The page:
* Prices may differ from that shown
Eleven-Year-old Skip is a street kid, after being neglected by his Dad and several foster homes he took his chances and ran away. It's here he befriends an old homeless man, Billy who with the best of his ability takes Skip under his wing and despite their hardships a routine is formed. That is until the bombs start falling and to survive, Skip and Billy must leave the city streets finding refuge in an abandoned theme park. On their journey they pick up three other lost souls, five year old Max and Tia, a ballerina and single mother to a tiny baby girl. But what chance do any of them have when ordinary life was so tough for them? The fight for survival is on.
A Small Free Kiss In The Dark may be a small book at just over 200 pages but packs a mighty punch. Set in a post-apocalyptic Australia, through it's main characters it tells a raw and brutal story of humanity, survival and family.
Right from the beginning this is a story and cast of characters that will get right under your skin. The relationship between Skip and Billy is touching without being overly sentimental and both are so well drawn and believable it's impossible not to become involved with their story. It's the same with every character introduced in this book. They are so vividly real and their situations, both pre and post bombing, so absolutely human they leap from the page.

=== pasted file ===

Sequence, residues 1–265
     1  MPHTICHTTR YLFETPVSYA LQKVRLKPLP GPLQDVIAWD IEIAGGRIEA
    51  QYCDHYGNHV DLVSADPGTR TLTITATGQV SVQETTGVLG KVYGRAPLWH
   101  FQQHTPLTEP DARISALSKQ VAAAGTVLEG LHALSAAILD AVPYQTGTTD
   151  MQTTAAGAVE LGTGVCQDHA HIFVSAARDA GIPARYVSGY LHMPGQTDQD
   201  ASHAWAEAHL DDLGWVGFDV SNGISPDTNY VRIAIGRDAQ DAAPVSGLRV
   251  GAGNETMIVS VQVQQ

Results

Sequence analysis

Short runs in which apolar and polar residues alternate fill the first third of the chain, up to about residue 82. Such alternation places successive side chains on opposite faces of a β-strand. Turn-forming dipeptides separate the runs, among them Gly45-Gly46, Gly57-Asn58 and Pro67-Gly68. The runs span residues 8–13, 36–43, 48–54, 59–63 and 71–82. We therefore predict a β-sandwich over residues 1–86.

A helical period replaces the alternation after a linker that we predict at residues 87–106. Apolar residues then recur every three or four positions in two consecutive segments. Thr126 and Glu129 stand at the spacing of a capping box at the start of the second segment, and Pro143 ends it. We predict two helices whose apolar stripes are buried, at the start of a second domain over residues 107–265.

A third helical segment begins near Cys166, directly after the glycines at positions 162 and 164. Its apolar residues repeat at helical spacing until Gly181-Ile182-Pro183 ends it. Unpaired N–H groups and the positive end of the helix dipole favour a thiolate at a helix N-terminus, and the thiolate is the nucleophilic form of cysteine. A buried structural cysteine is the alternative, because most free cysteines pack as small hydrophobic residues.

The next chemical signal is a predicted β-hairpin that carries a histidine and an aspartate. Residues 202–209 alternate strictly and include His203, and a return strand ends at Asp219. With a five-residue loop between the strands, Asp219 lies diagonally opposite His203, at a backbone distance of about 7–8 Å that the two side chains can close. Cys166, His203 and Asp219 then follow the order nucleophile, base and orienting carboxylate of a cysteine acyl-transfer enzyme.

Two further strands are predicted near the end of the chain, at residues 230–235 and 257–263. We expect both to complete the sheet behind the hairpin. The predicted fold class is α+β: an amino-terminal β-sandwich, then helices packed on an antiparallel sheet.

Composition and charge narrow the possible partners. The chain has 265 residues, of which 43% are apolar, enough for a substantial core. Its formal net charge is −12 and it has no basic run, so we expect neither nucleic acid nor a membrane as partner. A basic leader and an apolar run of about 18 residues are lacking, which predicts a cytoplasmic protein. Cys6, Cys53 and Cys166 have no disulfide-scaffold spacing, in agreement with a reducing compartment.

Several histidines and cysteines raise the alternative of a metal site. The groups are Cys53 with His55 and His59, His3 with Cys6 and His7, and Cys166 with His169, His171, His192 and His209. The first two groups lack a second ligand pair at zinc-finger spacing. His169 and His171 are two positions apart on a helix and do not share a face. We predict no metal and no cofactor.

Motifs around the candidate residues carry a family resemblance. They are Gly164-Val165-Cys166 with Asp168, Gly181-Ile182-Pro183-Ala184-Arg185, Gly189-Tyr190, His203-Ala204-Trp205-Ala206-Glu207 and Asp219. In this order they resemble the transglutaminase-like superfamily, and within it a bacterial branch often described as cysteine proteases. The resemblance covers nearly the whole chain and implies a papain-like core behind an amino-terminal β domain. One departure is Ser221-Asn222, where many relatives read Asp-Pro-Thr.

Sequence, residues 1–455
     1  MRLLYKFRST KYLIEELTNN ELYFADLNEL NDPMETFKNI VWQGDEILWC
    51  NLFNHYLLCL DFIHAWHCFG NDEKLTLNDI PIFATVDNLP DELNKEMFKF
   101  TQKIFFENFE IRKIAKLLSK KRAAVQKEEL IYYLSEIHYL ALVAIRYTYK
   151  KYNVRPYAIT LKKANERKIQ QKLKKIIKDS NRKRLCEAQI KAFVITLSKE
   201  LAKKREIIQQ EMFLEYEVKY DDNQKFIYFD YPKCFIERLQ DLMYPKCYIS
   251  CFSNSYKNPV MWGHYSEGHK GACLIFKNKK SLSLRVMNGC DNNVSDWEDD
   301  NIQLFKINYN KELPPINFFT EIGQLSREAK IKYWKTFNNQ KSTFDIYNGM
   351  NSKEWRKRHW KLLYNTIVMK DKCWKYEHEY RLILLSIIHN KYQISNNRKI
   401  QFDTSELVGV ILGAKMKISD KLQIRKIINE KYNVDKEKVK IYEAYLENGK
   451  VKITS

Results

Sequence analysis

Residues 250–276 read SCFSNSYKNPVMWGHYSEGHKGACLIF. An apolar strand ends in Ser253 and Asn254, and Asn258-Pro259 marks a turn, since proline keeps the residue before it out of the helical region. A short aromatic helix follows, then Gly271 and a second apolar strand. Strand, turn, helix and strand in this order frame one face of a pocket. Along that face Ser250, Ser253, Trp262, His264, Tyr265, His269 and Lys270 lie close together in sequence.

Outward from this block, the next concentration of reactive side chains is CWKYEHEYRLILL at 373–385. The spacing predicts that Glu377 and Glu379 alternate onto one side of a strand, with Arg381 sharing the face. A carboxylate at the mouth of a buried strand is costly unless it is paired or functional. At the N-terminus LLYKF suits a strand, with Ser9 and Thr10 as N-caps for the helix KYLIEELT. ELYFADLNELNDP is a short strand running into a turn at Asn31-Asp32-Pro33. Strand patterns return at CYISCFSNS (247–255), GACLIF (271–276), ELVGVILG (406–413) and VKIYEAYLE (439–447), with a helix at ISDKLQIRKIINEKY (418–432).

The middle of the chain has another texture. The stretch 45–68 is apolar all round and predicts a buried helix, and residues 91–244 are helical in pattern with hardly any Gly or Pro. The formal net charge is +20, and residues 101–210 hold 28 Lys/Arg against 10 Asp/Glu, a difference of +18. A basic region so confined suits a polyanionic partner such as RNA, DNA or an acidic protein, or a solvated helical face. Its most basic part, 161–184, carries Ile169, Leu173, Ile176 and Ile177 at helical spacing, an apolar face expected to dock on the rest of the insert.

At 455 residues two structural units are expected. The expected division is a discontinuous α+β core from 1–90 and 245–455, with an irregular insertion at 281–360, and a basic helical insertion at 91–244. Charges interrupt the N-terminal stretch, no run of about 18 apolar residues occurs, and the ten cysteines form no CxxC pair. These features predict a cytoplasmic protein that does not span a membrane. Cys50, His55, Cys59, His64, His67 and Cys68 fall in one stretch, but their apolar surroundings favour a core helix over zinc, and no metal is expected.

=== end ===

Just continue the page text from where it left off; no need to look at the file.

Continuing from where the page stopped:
The setting of this book is a fascinating and clever concept. The contrast between the original purpose of the Theme Park, built for fun and frivolity, and the base for survival it now becomes is stark and shocking. I've often thought an empty Fun Fair would be strange and eerie, and Glenda Millard fully captures this atmosphere in her descriptions.
What stands out most in this book though is the nature of the human spirit. We see both the bad, through the violent atrocities of the unknown enemy and those whose survival instinct is to look out for themselves, and the good. For the four misfits in this book, the best is brought out in them as they band together. For the first time in their lives they are a unit, a family. No longer ostracised from society, their strength comes in their ability to care for each other. It's ironic that now we see the true potential of those previously written off, ignored and abandoned during peacetime.
A Small Free Kiss In The Dark is both sad and hopeful in equal measures. I found it an emotional and thought provoking book, beautifully written in Skip's young voice which is captured with startling authenticity. While at times violent and shocking, it will appeal to mature younger readers of aged Eleven up to adults who will appreciate the complexities of human nature woven between it's pages. If I had one complaint it could be that the book could have been a little longer and I'd have liked to know more about who the Enemy actually was and why this war was happening. One complaint aside, this is certainly a book I'd recommend highly.
Published by Templar May 2011
Thanks to the publisher for providing a copy for review.